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need opinions

Discussion in 'Nontraditional Students' started by lucy, Mar 14, 2007.

  1. lucy

    lucy New Member
    7+ Year Member

    Oct 10, 2002
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    I have several questions that I would like everyones opinion on.

    Is there an age limit that the schools use for applicants? Provided that the canidate is up to the task, would the 50-60 year old group still be considered, or even the 40 group? I realize that the schools have to state that they don't discriminate, but do they flat out reject applicants due to age? I realize that med school is a grueling process, but provided one is motivated and healthy, do they still discriminate?

    Next question re:independent study courses. If the course was taken in the classroom with lab, 10 years ago, would an independent study class taken for review be acceptable?

    To boost a less than stellar indergrad GPA, which is the best choice.
    (GPA-2.98) More post-bac undergrad science classes, or graduate level science classes and possible a Masters? Do graduate classes count more than undergrad classes to prove to ADCOM's that you are able to do advanced work? Several physicians have told me to take Biochem at the grad level.

    Any input is appreciated.
  2. Law2Doc

    Law2Doc 5K+ Member
    Physician Moderator Emeritus 10+ Year Member

    Dec 20, 2004
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    Attending Physician

    There are a few med students in their 50s, many in their 40s, and a ton in their 30s. Schools tend not to overtly discriminate, but whether an individual interviewer might discriminate in his own head is anyone's guess. I have met adcom members who were older nontrads/career changers, so one would suspect that their bias might actually run the other direction. You are certainly expected to have better thought things through, and done your research when applying at an older age. Expect questions about finances, family support, and to have an awfully good reason why medicine, why now and why not back when.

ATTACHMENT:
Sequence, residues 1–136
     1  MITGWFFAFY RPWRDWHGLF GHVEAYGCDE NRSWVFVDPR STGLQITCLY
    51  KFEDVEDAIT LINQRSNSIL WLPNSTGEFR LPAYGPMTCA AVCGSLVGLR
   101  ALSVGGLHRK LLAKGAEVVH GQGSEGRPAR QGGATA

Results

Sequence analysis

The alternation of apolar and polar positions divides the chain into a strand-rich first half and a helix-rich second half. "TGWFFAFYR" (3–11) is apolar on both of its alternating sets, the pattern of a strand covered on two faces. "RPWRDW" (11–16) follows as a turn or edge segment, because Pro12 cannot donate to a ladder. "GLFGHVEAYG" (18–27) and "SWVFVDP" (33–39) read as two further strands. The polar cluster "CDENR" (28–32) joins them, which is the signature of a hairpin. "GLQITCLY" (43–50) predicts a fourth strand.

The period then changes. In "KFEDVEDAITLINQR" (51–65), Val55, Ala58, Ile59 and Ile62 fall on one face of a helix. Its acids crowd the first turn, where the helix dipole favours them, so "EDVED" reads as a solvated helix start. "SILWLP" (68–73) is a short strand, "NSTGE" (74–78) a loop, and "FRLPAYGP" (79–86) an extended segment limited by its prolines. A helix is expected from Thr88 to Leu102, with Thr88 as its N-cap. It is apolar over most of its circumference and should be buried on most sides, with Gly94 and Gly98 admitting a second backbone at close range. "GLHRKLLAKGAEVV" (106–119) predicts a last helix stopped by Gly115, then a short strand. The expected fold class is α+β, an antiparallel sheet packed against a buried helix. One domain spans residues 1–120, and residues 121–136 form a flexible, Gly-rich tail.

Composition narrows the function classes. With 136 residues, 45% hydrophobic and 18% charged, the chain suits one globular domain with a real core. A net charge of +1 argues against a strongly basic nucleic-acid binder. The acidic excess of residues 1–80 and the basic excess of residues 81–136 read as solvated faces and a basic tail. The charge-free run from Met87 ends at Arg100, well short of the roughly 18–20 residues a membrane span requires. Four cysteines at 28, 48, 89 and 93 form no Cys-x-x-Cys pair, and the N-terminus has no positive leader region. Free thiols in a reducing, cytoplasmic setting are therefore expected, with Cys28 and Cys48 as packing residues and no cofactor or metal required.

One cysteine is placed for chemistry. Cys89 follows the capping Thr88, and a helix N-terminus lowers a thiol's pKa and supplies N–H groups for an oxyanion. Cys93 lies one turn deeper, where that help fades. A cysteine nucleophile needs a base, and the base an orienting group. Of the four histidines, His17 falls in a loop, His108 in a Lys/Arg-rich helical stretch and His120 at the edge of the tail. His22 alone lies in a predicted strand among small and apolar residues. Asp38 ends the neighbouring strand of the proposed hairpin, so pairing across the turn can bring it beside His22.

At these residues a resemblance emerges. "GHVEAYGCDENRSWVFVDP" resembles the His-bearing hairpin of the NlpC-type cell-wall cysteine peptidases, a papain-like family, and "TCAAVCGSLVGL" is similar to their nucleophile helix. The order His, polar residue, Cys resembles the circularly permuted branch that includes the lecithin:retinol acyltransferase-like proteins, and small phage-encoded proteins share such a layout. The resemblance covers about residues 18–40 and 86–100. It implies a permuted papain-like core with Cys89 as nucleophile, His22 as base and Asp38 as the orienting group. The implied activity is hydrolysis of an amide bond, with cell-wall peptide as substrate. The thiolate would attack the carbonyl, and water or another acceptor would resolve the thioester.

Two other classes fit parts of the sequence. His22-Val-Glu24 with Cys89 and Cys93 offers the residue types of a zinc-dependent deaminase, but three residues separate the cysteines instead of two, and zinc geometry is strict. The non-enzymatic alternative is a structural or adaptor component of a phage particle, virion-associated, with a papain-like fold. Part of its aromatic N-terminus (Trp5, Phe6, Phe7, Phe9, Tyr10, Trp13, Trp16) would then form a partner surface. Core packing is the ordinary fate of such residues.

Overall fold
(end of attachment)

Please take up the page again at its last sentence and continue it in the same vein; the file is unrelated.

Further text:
At any rate, if age is an issue, let the schools turn you down, don't do it to yourself.

    As for how to rehabilitate, my suggestion would be to take some undergrad postbac courses to get your cumulative undergrad GPA above 3.0 before you look into grad courses, so you can survive the threshold screening that some schools do based on undergrad GPA. No, grad courses actually don't per se count more than undergrad, although some programs, esp well known SMP programs seem to have a good track record in getting people into med school. I personally think either an upper level informal postbac or an SMP program, or a combo of the two, might get you to where you want to be to give yourself a shot.
  3. relentless11

    relentless11 Going broke and loving it
    Moderator Emeritus 10+ Year Member

    Mar 30, 2001
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    I can't really say, however I have seen a few med students in their early 40's and definitely those in their late 20's and mid-30's. This doesn't mean that they discriminate, but may mean that there aren't many people in the higher age groups that are willing to apply.

    The only way they may "discriminate" is by not showing enough evidence of wanting to committ to the profession. One must take into account that many clinicians ron average retire by 60-70 anyway. My PI (medical scientist) claims he'll retire in 5 years when he turns 70. Sure there are physicians who practice into their 90's but its not common.

    Things can drastically change in 1 year, let alone 4 years of med school and a mininum of 3 years for residency. Adcoms may wondering about that given that you'll be near or at the age when physicians retire. Who knows! As Law2Doc said, its all up to what the adcoms think. However I must say htat the 50-60 age group is definitely an extreme.

    What class is this? Is this one of the pre-med pre-reqs or some random class with a lab? If it is the former, it may be OK, but some schools may want you to retake classes that were from so long ago. Now there's also the issue of the MCAT too, so you might want to retake or audit some classes anyway to refresh for the test. Not sure what your major was so that'll also be something to factor in when preparing for the test.

    Depends, but as Law2Doc said you're safer with doing upper division undergrad classes. Graduate level courses are harder for different reasons since they emphasize the scientific method, while medical level courses are more about applying it to clinical situations with the ultimate goal of passing your board exams. Apples and oranges.

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